Cuts to family budgets bite

Cuts to childcare support alone will leave families up to £1500 a year worse off

Families in Blackburn with Darwen on Wednesday started to feel the real impact of the Conservative-led Government’s decision to cut too deep and too fast as cuts to tax credits, childcare support and child benefit start to take hold.

With family budgets already squeezed by January’s VAT increase and rising inflation Labour is warning that Wednesday’s measures will add to the growing squeeze on millions of families on low and middle incomes – with women and families with children being hardest hit:

  • A total of 570 families people across the Borough who claim support for childcare costs will lose an average of £ 439 a year due to cuts to this support alone, according to independent research by the Resolution Foundation. Some families with two or more children could lose up to £1560.
  • A total of 21,020 families in Blackburn with Darwen will see their child benefit frozen for three years from this month – a real terms cut of £75.40 this year for a family with three children., a total of 39965 children affected.
  • And around 4215 more people on middle incomes in the Borough started paying tax at the 40p higher rate threshold meaning even more families will lose all their child benefit in 2013 – worth £2,500 for a family with three children.

Analysis by the House of Commons Library shows that the changes coming in today, combined with the Government’s VAT rise, will cost a family with three children – and each parent earning £26,000 – over £1,700 a year. This is equivalent to around 5p extra on the basic rate of income tax.

“David Cameron promised to lead the most family-friendly government ever and George Osborne said we’re all in this together. So why are their changes to tax and benefits coming into force today hitting women harder than men and taking so much support from children, with families on low and middle incomes being hit the hardest of all?”

“We’ve been through a global financial crisis – not a recession made in Britain. And like every major economy in the world we now have a big challenge to get the deficit down. So there have to be tough decisions including some spending cuts and fair tax rises like the 50p top rate of tax for the richest and the national insurance rise we proposed last year.

“But as Labour has consistently argued, by making a political choice to cut the deficit further and faster than any other major country George Osborne is going too deep and too fast and putting jobs and growth in Blackburn with Darwen at risk. And he is doing so in an unfair way, giving the banks a tax cut this year while low and middle income families here in Blackburn with Darwen are hit hard

Labour’s shadow chancellor Ed Balls MP added:

“This is a Black Wednesday for thousands of families in the country.

“The Conservative-led government says some families will be better off because of a small cut in income tax. But this change is more than offset by the VAT rise – which the government itself says will cost a family with children an average of £450 a year – and all the other changes coming into effect today. As the independent Institute for Fiscal Studies has said the government is giving a little with one hand, but taking much more away with lots of other hands.

“Cutting too deep and too fast isn’t just hurting families and businesses, it also isn’t working. We’ve now got higher unemployment and slower growth and so the government will actually be borrowing £46 billion more than planned. That’s a vicious circle because with fewer people in work paying taxes, it’s harder to get the deficit down.”

The old slogans are the best!

In those dim and distant days when Margaret Thatcher was running her one-woman campaign to change the face of Britain, the left used to have a slogan about the Tories that said ” they know the cost of everything and the value of nothing!”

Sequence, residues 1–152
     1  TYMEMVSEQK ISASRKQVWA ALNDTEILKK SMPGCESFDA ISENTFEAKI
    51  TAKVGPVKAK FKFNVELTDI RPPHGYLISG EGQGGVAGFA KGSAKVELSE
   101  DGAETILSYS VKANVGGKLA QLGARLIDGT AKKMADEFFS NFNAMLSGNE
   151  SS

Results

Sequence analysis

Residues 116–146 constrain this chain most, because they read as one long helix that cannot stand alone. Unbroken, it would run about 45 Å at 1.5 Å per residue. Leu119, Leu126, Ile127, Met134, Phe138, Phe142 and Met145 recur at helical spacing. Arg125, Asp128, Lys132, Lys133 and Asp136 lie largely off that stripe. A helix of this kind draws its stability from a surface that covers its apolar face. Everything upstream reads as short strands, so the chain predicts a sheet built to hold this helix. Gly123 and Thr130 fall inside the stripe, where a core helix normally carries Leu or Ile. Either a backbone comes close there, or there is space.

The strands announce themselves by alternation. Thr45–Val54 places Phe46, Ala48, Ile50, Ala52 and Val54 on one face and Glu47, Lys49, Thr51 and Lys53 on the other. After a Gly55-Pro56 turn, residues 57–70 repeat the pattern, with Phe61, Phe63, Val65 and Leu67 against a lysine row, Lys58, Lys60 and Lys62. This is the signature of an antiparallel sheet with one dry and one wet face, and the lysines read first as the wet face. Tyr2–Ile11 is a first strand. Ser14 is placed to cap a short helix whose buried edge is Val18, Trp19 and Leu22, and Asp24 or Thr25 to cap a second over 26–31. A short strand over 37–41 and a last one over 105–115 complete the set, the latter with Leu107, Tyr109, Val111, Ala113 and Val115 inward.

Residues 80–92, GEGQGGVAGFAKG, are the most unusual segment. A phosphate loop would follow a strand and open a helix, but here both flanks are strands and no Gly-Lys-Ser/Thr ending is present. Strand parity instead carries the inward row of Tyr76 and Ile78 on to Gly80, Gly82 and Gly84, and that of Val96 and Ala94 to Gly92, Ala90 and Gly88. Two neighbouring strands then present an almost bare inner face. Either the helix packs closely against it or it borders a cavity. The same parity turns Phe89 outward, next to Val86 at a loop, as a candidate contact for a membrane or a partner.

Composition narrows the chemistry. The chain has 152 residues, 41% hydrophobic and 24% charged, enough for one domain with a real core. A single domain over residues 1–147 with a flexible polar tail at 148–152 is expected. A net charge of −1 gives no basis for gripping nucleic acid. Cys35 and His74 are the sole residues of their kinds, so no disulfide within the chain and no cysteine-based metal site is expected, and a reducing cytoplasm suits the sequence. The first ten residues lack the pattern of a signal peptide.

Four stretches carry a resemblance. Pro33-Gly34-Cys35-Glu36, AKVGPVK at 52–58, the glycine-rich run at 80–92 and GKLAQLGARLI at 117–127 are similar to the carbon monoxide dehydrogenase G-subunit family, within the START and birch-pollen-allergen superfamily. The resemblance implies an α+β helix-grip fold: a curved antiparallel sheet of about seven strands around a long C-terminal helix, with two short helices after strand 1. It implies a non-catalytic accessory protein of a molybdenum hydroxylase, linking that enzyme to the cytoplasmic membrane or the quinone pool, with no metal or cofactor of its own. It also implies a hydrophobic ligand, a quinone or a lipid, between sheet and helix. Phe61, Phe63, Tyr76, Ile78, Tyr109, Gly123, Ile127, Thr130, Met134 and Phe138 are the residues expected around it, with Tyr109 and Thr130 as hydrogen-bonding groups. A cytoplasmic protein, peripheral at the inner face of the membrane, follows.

And, it struck me this morning how well that slogan sums up the behaviour and direction of the ruling Tory/Lib Dem coalition on Blackburn with Darwen Council and their hasty decision to make a series of cuts to community centres and leisure facilities in an attempt to balance the budget. The cost of the facilities that are going to be scrapped hasn’t been spelt out particularly well but let’s say that, after redundancies are taken into account, it’s around £100,000 but the value of these facilities to the users and to the town are unknown and could be incalculable. Almost inevitably, the facilities are located in the most disadvantaged parts of the town and they offer potentially life-enhancing opportunities to children, in particular, who probably won’t get the chance anywhere else or again. Whether viewed from the perspectve of improving public health and life-expectancy or the chance to take part in sporting or cultural activities from swimming to squash to martial arts to joining a majorettes troupe, these are vital opportuniities that shouldn’t be thrown away by some impulsive piece of wrecking-ball politics.

The Coalition leaders will point to the presence of a brand new leisure facility in Darwen as an alterrnative but, realistically, the chances of a non-driver with children who lives in Shadsworth getting to Darwen on spasmodic public transport is remote and probably won’t happen. Even more crazily, the Coalition leaders may point to their suggestion that the facilities could be run by the local community without any input from the Council. This kind of lunatic idea just shows how far removed these guys are from reality……people with already busy and complex lives don’t have the time to take on responsibilities that are currently being carried out by trained professionals, nor do they have the time to start raising significant sums of money to keep these centres running.

Of course, no-one should be surprised that a Tory-led council is making these type of cuts or these kind of other worldly suggestions because this is what Tories do. It might be a long timing coming but this is a return of the Thatcherites! They want to reduce the size of the state and, where better to start, than the provision of public sporting and cultural facilities that the Tories don’t use and would rather see provided by a profit-making organisation. The Liberal Democrats, however, used to have a different political culture but, in their desperate urge to share power, they have sacrificed their politics and have become cheer-leaders for the Tories.

So, it’s time to dust down that old slogan but, unlike the 1980s, this time it applies to both the Tories and the Liberal Democrats!